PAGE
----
Compensation and evaluation are important frameworks for companies to align strategy with performance.

I’ve found that failure to reward for good performance and a consistent acceptance of poor results can lead to disillusioned employees and a failure to achieve benchmarks for success.

BP awarded its pipeline operating company 66 percent of the maximum possible safety bonus in 2010 the year of the Deepwater Horizon catastrophe. Accounting for 25 percent of the total yearly bonus in 2010, the payouts demonstrated that financial compensation did not reflect performance and that BP needed to realign compensation with a commitment to safety and sustainability.

Furthermore, treating your employees well and developing a positive employer brand are another option for companies looking to match performance and company vision.

Wegmans Food Market has made employee wages and benefits a critical aspect of their business strategy. Although the grocery chain has only 79 stores around the country, Wegmans has annual sales of over $5.6 billion and ranks at the top of the list in terms of operating margins and sales volume per square foot of store space. Always rated one of the best places to work, Wegmans gains the loyalty of its employees by providing a higher compensation, generous insurance benefits, and tuition assistance among other programs. Employees are among the best-trained and deeply committed to Wegman’s success, providing virtually unparalleled customer service which is how the company has succeeded in the competition with much larger super market chains.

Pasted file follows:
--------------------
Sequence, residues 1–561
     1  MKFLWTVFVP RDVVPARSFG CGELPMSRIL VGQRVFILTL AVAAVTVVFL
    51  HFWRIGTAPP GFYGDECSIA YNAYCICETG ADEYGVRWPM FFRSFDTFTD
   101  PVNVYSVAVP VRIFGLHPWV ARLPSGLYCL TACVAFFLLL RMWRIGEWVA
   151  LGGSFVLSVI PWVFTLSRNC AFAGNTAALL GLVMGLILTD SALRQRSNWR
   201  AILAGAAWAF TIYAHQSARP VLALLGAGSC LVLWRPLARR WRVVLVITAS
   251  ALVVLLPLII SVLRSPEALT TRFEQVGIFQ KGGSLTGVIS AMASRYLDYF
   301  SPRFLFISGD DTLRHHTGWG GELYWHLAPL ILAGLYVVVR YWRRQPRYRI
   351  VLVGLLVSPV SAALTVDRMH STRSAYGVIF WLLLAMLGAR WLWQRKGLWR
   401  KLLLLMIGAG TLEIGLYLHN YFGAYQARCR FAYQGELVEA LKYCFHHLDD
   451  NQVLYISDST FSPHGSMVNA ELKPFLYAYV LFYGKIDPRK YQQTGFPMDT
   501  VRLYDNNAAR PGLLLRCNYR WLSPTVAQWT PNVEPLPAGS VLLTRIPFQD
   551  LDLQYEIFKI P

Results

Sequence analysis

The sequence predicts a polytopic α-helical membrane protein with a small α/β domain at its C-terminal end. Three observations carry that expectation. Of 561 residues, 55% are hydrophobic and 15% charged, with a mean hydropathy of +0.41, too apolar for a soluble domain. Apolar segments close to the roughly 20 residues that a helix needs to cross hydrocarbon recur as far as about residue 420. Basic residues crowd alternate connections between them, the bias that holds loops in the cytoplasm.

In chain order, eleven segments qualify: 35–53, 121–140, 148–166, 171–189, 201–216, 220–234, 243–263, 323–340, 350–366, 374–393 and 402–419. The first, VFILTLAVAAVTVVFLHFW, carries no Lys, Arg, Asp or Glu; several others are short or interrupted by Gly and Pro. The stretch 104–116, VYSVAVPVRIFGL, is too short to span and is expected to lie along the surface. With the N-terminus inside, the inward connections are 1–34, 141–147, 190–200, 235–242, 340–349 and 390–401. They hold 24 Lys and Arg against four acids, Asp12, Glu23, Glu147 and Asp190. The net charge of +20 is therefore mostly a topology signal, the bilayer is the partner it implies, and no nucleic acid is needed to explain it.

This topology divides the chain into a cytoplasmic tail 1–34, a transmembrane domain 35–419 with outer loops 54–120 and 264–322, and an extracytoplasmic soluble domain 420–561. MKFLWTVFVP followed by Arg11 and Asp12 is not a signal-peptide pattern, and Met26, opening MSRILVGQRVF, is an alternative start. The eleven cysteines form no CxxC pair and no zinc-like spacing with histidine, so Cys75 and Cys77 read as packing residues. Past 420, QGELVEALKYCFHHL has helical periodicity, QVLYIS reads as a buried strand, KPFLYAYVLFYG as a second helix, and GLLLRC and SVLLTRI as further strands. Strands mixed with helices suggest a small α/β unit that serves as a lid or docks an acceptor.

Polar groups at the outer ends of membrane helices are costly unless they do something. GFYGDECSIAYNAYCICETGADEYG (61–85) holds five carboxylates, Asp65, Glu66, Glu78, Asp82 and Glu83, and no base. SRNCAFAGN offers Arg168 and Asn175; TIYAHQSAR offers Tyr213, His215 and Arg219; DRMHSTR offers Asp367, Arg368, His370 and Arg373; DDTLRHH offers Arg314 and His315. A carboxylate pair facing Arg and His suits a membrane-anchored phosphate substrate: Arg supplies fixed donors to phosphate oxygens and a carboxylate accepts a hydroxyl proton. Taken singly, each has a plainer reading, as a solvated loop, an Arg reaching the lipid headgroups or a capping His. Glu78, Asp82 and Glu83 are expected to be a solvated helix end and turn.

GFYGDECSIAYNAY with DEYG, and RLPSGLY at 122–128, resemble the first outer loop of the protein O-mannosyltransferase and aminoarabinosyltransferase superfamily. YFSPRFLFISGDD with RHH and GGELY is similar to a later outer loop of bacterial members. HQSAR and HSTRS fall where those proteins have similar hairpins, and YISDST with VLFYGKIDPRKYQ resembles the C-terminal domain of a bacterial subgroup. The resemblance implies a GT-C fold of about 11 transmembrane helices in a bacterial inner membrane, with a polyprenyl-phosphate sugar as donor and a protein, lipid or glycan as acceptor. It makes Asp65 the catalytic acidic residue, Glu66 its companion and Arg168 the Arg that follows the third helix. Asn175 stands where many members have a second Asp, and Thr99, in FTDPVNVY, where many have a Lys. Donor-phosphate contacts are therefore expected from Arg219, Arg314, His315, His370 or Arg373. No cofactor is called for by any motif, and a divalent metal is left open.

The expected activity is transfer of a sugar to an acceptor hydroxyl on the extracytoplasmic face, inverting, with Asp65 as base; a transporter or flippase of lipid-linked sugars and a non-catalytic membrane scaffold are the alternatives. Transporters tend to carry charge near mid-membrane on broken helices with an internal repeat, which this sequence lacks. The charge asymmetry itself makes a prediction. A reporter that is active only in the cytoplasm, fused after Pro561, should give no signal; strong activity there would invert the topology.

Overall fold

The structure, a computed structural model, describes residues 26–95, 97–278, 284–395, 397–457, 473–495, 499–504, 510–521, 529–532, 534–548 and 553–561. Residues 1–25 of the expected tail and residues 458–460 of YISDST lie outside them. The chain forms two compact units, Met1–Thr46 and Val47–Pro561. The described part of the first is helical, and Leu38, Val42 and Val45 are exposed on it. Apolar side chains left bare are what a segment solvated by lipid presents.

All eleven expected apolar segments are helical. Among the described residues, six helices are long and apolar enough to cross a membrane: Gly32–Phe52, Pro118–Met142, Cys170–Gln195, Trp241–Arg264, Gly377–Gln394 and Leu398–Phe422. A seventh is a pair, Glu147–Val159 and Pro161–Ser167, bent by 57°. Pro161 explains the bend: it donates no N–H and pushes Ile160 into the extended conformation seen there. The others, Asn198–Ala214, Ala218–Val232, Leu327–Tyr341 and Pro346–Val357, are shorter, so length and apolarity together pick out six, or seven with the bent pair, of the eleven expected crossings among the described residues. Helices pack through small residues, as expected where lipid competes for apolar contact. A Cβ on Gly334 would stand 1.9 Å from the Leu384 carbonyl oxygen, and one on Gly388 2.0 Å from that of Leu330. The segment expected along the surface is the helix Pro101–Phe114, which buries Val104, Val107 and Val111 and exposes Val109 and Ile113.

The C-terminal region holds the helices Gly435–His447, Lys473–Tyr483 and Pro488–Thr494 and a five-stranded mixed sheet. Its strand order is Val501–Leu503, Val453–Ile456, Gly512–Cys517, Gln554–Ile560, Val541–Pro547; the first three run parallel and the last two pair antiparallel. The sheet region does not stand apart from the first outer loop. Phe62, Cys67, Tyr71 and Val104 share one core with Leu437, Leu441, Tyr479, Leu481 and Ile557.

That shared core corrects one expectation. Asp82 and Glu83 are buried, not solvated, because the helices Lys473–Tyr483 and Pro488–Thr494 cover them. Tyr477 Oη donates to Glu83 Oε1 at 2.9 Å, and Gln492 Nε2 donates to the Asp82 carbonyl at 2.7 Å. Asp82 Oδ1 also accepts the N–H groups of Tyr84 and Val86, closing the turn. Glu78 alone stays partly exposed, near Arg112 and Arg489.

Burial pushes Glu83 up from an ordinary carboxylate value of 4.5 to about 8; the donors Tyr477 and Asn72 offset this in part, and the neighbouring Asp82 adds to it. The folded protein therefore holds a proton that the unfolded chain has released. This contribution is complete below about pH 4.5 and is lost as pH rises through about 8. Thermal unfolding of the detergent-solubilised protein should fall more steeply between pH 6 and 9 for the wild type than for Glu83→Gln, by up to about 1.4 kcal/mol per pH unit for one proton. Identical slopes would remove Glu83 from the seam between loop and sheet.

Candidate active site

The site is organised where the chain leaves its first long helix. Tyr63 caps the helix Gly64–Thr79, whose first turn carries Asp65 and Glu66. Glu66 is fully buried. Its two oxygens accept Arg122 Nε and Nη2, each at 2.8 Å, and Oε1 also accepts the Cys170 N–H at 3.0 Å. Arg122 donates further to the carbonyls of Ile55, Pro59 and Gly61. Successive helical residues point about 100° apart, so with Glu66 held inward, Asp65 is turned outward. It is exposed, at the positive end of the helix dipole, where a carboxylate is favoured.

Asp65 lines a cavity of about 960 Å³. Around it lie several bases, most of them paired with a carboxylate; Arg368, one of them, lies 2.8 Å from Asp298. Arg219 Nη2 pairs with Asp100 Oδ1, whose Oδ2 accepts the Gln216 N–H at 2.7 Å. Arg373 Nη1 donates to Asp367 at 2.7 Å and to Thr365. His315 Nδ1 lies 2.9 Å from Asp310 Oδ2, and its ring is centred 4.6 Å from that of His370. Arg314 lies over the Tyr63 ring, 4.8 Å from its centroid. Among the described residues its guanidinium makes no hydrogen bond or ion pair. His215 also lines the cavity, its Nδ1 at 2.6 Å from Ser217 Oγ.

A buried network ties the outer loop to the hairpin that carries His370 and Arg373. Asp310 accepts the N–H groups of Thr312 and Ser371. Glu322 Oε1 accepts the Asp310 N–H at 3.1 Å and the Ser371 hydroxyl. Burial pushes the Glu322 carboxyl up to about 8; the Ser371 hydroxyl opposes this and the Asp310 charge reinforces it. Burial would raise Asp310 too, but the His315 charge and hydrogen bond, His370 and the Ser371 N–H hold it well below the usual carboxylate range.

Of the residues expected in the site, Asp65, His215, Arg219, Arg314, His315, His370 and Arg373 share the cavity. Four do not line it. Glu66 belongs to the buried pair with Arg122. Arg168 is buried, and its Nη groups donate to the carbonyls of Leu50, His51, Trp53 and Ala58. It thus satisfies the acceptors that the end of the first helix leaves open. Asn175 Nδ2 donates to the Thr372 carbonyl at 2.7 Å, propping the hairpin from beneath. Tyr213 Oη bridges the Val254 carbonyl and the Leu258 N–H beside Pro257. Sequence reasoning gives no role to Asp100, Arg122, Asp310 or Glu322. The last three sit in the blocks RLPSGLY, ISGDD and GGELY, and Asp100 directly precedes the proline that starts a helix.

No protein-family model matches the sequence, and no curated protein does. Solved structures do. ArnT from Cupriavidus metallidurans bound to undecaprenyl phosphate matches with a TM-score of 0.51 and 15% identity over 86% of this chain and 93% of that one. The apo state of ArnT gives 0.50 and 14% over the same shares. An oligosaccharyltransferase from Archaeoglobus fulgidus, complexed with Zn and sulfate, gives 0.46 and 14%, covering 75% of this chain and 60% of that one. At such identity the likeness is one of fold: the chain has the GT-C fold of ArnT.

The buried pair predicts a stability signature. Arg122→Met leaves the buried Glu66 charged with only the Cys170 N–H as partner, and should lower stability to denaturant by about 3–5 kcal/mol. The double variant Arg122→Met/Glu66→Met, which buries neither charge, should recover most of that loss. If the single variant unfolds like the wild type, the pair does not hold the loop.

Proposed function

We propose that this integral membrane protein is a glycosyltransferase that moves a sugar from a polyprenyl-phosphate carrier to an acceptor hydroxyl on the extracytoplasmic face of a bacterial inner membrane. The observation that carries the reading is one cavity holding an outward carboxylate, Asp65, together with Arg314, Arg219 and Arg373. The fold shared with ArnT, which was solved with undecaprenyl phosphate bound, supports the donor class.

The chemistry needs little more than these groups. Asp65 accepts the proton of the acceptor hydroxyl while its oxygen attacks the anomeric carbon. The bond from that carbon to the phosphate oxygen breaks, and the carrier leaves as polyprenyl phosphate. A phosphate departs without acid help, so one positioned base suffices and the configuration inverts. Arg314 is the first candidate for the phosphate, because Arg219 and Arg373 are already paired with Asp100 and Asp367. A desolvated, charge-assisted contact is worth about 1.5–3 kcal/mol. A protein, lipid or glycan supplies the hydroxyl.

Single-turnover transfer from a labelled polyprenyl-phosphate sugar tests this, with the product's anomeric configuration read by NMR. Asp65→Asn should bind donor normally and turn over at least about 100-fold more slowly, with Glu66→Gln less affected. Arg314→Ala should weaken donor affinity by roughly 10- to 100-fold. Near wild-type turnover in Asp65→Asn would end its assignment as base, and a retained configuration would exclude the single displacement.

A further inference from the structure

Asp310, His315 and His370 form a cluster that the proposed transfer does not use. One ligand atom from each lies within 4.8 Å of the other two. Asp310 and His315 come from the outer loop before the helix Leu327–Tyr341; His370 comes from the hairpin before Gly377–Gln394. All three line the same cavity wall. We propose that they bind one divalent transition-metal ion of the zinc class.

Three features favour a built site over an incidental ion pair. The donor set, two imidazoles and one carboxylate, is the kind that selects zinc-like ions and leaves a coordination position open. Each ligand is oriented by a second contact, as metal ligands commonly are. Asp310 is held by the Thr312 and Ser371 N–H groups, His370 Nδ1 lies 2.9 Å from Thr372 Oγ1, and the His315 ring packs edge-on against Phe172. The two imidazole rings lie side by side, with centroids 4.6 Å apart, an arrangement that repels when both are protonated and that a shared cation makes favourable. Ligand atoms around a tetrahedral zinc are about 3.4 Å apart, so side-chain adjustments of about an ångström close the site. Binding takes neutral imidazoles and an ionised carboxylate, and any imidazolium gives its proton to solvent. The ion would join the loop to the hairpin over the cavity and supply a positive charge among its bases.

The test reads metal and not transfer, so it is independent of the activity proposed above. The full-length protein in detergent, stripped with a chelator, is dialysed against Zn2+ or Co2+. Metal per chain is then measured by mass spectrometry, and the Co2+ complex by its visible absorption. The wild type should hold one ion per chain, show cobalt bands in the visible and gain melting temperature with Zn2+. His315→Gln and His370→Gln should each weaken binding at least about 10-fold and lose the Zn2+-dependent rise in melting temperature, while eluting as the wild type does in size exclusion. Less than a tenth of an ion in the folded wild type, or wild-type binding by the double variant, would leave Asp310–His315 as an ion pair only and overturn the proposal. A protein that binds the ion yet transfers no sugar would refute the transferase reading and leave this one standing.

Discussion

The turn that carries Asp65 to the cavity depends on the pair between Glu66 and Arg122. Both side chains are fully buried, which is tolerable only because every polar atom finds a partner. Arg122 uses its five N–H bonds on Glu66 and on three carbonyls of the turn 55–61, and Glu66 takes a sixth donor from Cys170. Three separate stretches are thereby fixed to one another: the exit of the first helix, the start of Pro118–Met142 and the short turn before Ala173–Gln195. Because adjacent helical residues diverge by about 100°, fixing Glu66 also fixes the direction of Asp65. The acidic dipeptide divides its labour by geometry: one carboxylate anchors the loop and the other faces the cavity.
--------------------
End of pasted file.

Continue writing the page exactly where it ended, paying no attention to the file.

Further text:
We’ve talked about how HR can help sustainability, but why should HR embrace sustainability as an avenue for advancing HR goals?

Sustainability can advance HR strategy and give more definition to HR applications. Currently, HR is often pigeon-holed as a compliance and transactional function. With a broader, more strategic outlook, HR can help advance the cultural, talent, and employee-dependent sustainability visions of a firm. An overlap between human capital, business objectives and sustainability will optimize a company’s chances for success in a world that is increasingly resource constrained.

4 Responses

  1. HR should always be involved. However, for HR to understand the potential both for sustainable engineering solutions and sustainable lifestyle choices, they have to ask ALL the people in the company what concerns and pains they have relating to sustainability issues. If just corporate heads are left to make all decisions, who may be in fear of losing their jobs if they say the wrong thing, you will never know. Run Surveys, Host a fair, invite companies who address sustainability issues. Allow the whole company to participate. Run another set of surveys after the fair. The responses will tell you, if ask the right questions, then consider the approach to sustainability. This way people feel heard and valued when it comes to their future, which can go along way for any company.